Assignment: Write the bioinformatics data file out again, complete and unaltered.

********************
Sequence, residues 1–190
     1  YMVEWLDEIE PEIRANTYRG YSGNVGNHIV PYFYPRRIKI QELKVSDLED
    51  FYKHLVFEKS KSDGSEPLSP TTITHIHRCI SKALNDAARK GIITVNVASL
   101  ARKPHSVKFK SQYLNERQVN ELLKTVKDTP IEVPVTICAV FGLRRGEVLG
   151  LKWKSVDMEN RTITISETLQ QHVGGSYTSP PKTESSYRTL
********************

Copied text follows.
Sequence, residues 1–190
     1  YMVEWLDEIE PEIRANTYRG YSGNVGNHIV PYFYPRRIKI QELKVSDLED
    51  FYKHLVFEKS KSDGSEPLSP TTITHIHRCI SKALNDAARK GIITVNVASL
   101  ARKPHSVKFK SQYLNERQVN ELLKTVKDTP IEVPVTICAV FGLRRGEVLG
   151  LKWKSVDMEN RTITISETLQ QHVGGSYTSP PKTESSYRTL